‘Remote learning’ is intended to refer to any learning which takes place when students are away from school. The school’s remote learning programme has been established in light of the Welsh Government continuity of learning ‘Stay Safe. Stay Learning’ programme. This also takes into account updated guidance by Welsh Government, released in January 2021, in relation to ‘Live-streaming and video-conferencing: safeguarding principles and practice’
Our Approach to Remote Learning
The school’s approach has been established in light of the review of the evidence on remote learning published by the Education Endowment Foundation (EEF) as part of their package of resources to support schools, during periods of full and/or partial closure. It is recognised that there are many interpretations to how remote learning could be delivered. However, it is broadly accepted that there are two forms available
- Asynchronous learning where students complete activities independently, at different points in time, based on their own wishes and/or home circumstances;
- Synchronous learning where students complete activities with multiple students and staff at the same time, usually online. These are more commonly known as ‘live-streaming’ or ‘live-lessons’.
At Hawthorn High School, ‘Live’ lessons/sessions are defined as:
- Video conferencing session delivered through Google Meet (whole or part sessions)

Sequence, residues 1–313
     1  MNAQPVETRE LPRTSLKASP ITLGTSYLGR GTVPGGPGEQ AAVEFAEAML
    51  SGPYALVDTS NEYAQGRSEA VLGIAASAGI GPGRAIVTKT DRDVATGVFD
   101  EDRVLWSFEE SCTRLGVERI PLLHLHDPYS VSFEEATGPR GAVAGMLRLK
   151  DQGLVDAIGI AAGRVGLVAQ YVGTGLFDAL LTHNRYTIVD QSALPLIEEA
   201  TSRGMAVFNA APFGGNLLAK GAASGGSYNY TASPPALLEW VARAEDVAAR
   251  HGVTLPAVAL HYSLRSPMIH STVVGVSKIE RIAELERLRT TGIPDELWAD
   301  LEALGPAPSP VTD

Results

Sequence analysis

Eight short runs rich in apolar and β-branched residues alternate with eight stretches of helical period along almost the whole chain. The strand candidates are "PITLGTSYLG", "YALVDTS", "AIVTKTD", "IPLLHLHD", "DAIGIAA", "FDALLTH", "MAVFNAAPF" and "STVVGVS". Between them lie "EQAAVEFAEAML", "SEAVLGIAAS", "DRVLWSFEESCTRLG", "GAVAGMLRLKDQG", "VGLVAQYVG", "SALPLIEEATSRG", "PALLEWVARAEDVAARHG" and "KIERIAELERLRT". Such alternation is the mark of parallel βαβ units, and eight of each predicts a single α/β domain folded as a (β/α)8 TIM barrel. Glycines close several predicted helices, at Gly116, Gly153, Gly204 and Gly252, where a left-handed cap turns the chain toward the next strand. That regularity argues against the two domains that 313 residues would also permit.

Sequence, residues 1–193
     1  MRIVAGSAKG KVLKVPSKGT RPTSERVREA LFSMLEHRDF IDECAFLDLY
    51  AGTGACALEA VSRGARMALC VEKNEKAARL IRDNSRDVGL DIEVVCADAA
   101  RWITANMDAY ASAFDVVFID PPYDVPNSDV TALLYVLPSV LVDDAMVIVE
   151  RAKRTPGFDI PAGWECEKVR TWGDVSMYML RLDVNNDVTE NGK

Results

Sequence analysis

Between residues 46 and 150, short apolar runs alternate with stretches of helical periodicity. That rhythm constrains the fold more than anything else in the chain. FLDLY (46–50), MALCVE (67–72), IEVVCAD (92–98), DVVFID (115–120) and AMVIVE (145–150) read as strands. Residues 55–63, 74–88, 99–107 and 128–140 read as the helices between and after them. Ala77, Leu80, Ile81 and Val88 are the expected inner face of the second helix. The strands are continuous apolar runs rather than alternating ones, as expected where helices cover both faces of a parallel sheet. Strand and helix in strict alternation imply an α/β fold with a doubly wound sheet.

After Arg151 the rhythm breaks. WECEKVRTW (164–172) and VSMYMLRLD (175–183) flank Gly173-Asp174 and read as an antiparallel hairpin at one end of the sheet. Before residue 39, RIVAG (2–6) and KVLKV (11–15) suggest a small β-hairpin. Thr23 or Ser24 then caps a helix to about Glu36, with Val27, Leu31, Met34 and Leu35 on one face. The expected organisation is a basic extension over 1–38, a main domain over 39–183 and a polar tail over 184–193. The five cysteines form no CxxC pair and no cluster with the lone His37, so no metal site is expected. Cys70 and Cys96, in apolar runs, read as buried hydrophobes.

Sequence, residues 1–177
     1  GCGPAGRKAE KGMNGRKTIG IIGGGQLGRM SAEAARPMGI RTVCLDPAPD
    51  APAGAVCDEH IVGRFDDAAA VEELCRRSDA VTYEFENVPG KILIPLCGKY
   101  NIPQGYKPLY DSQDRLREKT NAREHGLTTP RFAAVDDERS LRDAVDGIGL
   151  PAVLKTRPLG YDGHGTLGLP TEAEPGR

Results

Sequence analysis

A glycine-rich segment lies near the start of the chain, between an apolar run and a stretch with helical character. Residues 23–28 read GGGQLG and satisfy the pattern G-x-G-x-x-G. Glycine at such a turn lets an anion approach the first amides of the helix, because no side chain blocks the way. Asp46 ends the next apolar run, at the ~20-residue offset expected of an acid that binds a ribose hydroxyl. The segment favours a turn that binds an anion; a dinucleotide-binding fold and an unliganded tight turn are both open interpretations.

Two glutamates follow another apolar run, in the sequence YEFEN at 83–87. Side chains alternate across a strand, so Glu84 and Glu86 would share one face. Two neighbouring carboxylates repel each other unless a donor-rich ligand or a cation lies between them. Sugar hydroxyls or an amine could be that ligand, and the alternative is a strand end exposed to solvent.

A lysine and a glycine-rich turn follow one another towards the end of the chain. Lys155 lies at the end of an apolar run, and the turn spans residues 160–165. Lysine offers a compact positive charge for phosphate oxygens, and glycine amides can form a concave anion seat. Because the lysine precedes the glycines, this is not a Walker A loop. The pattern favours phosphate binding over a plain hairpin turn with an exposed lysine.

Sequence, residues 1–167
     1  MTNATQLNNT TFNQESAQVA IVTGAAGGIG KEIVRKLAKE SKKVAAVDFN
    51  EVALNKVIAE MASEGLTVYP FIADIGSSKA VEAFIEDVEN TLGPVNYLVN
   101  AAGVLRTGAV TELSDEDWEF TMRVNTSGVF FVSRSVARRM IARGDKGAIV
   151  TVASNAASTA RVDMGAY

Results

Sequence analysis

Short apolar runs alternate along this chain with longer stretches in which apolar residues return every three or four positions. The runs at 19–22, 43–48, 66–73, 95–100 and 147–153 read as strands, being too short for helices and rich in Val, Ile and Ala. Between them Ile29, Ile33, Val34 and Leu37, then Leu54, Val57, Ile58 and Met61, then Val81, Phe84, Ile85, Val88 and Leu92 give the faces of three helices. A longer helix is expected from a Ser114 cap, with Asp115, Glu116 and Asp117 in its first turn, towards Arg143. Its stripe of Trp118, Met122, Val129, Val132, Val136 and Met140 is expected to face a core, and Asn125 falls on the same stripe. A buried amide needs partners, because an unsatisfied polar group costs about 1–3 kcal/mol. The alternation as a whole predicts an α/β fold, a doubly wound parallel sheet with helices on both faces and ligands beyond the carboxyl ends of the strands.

- Pre-recorded instructional video sessions with a focus on independent study.
Remote learning work and, when needed for video conferencing, Google Meet links will be uploaded to the subject Google Classroom at the start of each session time. Assignments completed in either of the above ‘live’ session types should be uploaded to the Google Classroom at the end of the session.
The Education Endowment Foundation’s rapid evidence assessment examines the existing research (from 60 systematic reviews and meta-analyses) for approaches that schools could use, or are already using, to support the learning of students while schools have reduced operations owing to COVID-19. A copy of the evidence assessment is available here.
In determining our approach, the school has drawn on the EEF’s findings, which conclude that when implementing strategies to support students’ remote learning, or supporting parents/carers to do this, key things to consider include: